And a remarkable later segment, recorded in September outside the L.A. theater hosting the prime-time Emmy Awards, brought comedy and politics together in surreal fashion. As Smigel/Triumph and his guest Johnson walked together along the red carpet, Triumph would introduce Johnson to different show-biz reporters working the event, giving Johnson a different name at each stopping point. Johnson was "Taylor Haskins," then "Stuart Mellman," then "Ben Monroe," then "Carl Aleppo." Triumph described him as an actor who would be appearing in an upcoming series, which also got changing titles.

None of the reporters showed any interest in Johnson by any name. Nor did they recognize him as the current nominee of the Libertarian Party for president. But Johnson happily played his role as Triumph's stooge with the shifting introductions, sometimes even offering details of the "show" in which he supposedly would be acting.

Then they got to Viviana Vigil, a reporter for a cable/syndicated show called "Celebrity Page." Pointing at Johnson, Smigel/Triumph told her that "Harry Hunsen" (Johnson) was going to be in new show called "Third Party." It's "a reality show about getting elected president of the United States," Johnson added.

Vigil ignored "Hunsen," but asked Triumph who he was going to vote for. Triumph said he "might go Libertarian, I don't know." Vigil's quick follow-up: "So you're gonna throw away your vote?" That got Johnson to interrupt the conversation: "I think throwing away your vote is voting for somebody that you don't believe in," he said. "And that's kind of what the reality show's all about."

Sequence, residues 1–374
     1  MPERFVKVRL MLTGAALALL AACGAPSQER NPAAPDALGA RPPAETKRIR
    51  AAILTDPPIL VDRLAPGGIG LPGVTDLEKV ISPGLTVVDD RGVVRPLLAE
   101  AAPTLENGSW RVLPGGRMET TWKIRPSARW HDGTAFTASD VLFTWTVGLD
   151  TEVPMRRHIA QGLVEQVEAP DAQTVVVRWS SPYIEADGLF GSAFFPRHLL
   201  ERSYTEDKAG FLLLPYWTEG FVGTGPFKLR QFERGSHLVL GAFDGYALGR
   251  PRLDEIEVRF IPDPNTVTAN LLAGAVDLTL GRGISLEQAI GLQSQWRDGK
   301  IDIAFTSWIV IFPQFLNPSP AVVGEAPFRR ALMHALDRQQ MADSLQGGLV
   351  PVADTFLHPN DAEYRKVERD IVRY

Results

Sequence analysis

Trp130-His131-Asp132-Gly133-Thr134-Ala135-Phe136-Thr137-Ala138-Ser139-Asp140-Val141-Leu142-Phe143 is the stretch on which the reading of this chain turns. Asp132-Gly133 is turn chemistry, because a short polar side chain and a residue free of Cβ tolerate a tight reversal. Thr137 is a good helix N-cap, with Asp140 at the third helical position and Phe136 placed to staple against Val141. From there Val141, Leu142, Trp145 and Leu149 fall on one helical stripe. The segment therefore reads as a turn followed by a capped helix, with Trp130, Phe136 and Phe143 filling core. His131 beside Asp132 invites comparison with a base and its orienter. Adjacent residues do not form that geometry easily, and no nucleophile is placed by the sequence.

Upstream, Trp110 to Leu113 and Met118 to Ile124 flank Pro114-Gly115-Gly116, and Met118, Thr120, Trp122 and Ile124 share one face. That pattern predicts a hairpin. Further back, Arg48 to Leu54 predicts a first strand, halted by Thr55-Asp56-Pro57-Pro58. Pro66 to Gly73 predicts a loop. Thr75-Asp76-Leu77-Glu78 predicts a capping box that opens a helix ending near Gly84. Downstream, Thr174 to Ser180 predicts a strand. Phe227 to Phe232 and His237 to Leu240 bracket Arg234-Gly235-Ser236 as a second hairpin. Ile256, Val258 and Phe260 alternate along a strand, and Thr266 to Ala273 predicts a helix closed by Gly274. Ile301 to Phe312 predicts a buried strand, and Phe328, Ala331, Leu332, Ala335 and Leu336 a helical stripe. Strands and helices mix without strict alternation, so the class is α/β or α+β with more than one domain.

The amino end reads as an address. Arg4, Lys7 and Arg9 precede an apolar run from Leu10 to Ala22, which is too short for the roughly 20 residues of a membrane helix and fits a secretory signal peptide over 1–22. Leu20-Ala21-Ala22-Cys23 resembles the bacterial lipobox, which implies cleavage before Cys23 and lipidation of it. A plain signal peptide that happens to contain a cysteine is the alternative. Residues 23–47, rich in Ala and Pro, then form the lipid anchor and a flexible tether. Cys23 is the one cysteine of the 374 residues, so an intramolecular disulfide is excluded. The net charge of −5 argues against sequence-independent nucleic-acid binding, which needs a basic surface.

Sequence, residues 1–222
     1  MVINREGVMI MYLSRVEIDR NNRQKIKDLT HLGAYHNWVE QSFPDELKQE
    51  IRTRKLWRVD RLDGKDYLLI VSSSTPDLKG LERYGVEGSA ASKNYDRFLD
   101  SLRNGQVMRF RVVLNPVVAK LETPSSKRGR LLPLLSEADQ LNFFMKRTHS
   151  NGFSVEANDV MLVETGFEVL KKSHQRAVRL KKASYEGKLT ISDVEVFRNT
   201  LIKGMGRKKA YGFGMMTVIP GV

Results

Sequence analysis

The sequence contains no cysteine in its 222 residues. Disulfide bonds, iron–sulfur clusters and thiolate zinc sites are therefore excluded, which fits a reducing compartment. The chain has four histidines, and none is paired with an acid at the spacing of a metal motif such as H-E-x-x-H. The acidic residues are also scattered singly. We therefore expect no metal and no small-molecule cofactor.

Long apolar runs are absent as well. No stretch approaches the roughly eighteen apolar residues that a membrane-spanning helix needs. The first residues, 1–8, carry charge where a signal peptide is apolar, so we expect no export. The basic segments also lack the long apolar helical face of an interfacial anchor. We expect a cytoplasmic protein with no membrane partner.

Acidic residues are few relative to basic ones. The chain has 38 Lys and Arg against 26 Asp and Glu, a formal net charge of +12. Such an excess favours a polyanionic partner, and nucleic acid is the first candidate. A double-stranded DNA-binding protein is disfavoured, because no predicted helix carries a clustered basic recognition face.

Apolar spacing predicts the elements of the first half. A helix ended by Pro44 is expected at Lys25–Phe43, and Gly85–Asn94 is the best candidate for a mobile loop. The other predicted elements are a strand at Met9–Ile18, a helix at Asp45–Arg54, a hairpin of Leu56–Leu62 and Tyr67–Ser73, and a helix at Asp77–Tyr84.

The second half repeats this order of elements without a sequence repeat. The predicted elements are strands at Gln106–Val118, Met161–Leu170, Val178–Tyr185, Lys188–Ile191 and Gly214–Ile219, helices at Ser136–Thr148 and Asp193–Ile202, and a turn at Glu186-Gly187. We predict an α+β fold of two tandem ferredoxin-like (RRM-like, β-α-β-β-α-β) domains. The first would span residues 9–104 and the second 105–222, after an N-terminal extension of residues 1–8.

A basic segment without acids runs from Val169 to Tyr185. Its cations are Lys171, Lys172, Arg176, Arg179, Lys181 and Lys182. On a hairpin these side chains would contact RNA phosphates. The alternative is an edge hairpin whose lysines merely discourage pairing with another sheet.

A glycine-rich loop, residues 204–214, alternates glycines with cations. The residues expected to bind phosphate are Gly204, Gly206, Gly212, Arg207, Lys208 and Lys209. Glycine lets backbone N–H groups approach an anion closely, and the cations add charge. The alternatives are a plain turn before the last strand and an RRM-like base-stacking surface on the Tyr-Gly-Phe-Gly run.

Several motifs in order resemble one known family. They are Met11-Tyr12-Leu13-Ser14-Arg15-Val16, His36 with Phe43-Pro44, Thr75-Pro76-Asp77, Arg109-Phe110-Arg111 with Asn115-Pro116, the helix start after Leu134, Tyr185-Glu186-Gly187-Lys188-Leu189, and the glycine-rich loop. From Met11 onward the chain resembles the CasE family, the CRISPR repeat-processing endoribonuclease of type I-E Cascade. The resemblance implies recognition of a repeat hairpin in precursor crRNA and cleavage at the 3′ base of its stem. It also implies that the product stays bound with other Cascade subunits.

And right there and then, in a 10-second exchange in an unrehearsed, real-life comedy bit in an online comedy show built around a profane, cigar-chewing, rubber hand puppet, Smigel captured the essential dispute over voting for third-party candidates in the 2016 presidential race.

Johnson was right − although he didn't mean it in this sense − that a third-party candidacy might as well be a reality show. Reality, as Viviana Vigil clearly understood, is that either Hillary Clinton or Donald Trump will be elected president on November 8.

And in real-life America, a person leaning toward Trump who votes for a third-party candidate as a protest denies Trump that vote and, in effect, votes for Clinton. Likewise, someone leaning toward Clinton who chooses a third-party candidate as a way to make a statement denies Clinton a vote and, in effect, votes for Trump.

It's the right of all properly registered citizens to vote if we want and as we choose. It is a personal choice. But it's not a purely personal act. It's not just a "me" exercise, something we do to make ourselves feel good about ourselves. It's more than that.

It's also an act of civic responsibility. It reflects the fundamental truth that no one exists in isolation, that we are all bound together, one way or another, with other people: our families and friends; neighbors and co-workers; billions of people all over the world we don't know and never will. And precisely because this is the United States of America, our collective votes will affect the lives of our fellow human beings everywhere else, in some cases profoundly.

So while we have the right to use our votes to "make a statement" or "register a protest" or "send a message," our responsibility is to choose the people we honestly believe will do the best job for everyone − all of us − while they're in office.

Maybe four years from now, enough people will have worked hard enough and smart enough to change the nominating process to produce choices more to our liking. But right now, if you feel you absolutely must publicly express your disgust with the only two choices we really have, here's a suggestion: Do it on your Facebook page where your friends can see that you're a principled person but where you won't hurt everyone else. And take a screen shot of it, just in case, to show your grandchildren if you want. Or, even easier, find a somebody else's post that you agree with and just click "Like."

Meanwhile, here in the real world of flawed systems, flawed procedures, flawed candidates and real consequences, it will be either Clinton or Trump on Nov. 8. Pick one.